DNA sequence context conceals alpha-anomeric lesions.Johnson, C.N., Spring, A.M., Desai, S., Cunningham, R.P., Germann, M.W.
(2012) J.Mol.Biol. 416: 425-437
- PubMed: 22227386
- DOI: 10.1016/j.jmb.2011.12.051
- PubMed Abstract:
DNA sequence context has long been known to modulate detection and repair of DNA damage. Recent studies using experimental and computational approaches have sought to provide a basis for this observation. We have previously shown that an α-anomeric a ...
DNA sequence context has long been known to modulate detection and repair of DNA damage. Recent studies using experimental and computational approaches have sought to provide a basis for this observation. We have previously shown that an α-anomeric adenosine (αA) flanked by cytosines (5'CαAC-3') resulted in a kinked DNA duplex with an enlarged minor groove. Comparison of different flanking sequences revealed that a DNA duplex containing a 5'CαAG-3' motif exhibits unique substrate properties. However, this substrate was not distinguished by unusual thermodynamic properties. To understand the structural basis of the altered recognition, we have determined the solution structure of a DNA duplex with a 5'CαAG-3' core, using an extensive set of restraints including dipolar couplings and backbone torsion angles. The NMR structure exhibits an excellent agreement with the data (total R(X) <5.3%). The αA base is intrahelical, in a reverse Watson-Crick orientation, and forms a weak base pair with a thymine of the opposite strand. In comparison to the DNA duplex with a 5'CαAC-3' core, we observe a significant reduction of the local perturbation (backbone, stacking, tilt, roll, and twist), resulting in a straighter DNA with narrower minor groove. Overall, these features result in a less perturbed DNA helix and obscure the presence of the lesion compared to the 5'CαAC-3' sequence. The improved stacking of the 5'CαAG-3' core also affects the energetics of the DNA deformation that is required to form a catalytically competent complex. These traits provide a rationale for the modulation of the recognition by endonuclease IV.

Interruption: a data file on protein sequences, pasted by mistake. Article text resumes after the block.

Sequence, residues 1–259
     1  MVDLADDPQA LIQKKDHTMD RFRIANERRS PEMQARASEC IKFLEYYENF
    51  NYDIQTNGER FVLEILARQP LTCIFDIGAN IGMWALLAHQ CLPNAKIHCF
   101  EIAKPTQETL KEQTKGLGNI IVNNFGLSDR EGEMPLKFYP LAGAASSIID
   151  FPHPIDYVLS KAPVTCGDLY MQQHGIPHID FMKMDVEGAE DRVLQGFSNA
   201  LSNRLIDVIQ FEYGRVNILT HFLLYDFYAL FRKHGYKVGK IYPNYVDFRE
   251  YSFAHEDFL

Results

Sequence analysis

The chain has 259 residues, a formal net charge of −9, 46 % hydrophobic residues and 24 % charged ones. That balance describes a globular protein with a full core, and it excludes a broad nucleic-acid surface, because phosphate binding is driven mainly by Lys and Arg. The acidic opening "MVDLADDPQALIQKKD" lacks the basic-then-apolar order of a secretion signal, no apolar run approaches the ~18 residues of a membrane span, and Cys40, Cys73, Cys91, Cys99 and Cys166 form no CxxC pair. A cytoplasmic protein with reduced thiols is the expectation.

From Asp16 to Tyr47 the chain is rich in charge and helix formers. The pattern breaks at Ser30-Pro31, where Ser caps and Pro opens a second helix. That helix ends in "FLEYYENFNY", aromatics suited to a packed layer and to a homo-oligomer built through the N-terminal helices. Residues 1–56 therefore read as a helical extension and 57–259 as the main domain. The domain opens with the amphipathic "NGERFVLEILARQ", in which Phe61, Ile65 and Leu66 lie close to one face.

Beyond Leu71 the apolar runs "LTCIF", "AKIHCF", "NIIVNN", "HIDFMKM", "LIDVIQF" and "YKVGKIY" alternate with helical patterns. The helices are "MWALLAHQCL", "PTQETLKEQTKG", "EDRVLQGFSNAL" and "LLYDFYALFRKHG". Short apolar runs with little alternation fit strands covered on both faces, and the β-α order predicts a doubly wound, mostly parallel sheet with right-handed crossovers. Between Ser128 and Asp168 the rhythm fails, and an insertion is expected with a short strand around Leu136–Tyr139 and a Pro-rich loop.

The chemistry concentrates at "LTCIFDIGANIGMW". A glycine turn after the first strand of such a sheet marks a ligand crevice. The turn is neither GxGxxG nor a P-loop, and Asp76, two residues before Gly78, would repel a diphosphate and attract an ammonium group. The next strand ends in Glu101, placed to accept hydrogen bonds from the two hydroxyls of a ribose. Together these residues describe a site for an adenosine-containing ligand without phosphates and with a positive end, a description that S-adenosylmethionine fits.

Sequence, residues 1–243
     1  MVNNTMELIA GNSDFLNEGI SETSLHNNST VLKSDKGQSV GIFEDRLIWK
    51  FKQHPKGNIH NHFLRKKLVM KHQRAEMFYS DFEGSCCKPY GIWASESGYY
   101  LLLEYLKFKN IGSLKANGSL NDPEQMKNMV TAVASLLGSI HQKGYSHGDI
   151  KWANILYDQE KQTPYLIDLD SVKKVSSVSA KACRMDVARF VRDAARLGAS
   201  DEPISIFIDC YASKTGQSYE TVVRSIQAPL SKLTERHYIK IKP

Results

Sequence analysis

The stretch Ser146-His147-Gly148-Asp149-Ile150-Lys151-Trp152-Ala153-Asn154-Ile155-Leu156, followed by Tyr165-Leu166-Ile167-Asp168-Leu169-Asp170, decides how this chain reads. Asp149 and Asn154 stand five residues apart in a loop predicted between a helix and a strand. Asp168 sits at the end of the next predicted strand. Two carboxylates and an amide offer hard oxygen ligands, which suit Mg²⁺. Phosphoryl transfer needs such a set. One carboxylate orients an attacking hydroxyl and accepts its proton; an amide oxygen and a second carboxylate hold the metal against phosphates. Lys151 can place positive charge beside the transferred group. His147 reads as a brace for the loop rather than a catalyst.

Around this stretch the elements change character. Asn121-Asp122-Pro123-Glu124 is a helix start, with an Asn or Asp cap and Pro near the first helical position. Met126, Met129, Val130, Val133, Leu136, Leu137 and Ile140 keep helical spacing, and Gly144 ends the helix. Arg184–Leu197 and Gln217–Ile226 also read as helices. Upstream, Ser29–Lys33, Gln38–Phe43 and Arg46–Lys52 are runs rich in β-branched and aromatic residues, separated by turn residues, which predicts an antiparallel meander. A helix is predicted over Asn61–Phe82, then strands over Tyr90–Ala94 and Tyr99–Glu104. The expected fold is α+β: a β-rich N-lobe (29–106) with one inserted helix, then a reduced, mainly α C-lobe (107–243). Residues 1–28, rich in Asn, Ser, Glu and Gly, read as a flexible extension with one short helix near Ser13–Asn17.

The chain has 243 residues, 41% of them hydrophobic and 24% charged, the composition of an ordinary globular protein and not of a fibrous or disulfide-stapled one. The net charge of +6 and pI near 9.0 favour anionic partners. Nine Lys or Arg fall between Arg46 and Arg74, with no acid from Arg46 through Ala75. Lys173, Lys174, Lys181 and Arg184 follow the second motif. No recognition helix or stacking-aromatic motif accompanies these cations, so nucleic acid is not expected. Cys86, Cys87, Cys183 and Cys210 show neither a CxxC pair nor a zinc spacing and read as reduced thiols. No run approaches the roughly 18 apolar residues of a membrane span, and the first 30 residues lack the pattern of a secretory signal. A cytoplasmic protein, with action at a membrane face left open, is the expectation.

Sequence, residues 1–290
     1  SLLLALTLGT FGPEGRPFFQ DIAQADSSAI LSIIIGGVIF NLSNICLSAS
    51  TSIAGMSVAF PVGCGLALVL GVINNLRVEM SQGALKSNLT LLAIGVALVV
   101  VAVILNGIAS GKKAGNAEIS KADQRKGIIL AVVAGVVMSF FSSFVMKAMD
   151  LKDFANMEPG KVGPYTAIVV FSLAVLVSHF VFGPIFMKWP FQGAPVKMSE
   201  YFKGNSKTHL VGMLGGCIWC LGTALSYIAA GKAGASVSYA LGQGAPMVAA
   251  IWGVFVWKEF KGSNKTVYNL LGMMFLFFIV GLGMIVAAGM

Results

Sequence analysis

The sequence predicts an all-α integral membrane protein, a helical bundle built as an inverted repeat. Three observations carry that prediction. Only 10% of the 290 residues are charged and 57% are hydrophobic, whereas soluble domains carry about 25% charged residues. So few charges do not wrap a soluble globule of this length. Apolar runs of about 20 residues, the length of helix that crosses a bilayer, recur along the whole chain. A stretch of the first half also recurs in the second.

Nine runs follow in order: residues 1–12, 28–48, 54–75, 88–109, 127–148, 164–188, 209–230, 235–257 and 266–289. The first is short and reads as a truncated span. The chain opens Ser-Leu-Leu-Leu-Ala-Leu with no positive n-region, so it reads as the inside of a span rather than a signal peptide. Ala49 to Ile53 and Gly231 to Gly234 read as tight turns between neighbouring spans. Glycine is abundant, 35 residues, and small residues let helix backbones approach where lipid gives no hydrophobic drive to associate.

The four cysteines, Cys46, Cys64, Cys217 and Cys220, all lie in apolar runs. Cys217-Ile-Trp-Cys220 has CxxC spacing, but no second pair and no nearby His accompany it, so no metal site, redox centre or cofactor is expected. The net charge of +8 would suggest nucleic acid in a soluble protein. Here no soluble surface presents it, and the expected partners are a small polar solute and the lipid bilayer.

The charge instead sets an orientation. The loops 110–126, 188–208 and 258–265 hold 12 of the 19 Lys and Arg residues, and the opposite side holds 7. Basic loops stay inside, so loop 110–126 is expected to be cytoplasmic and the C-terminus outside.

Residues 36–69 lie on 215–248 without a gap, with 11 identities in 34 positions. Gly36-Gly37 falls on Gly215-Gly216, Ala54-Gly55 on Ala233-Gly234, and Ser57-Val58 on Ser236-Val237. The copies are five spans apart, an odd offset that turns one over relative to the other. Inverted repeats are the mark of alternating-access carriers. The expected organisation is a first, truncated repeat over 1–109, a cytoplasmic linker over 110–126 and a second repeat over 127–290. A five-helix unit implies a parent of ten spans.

Department of Chemistry, Georgia State University, Atlanta, GA 30303, USA.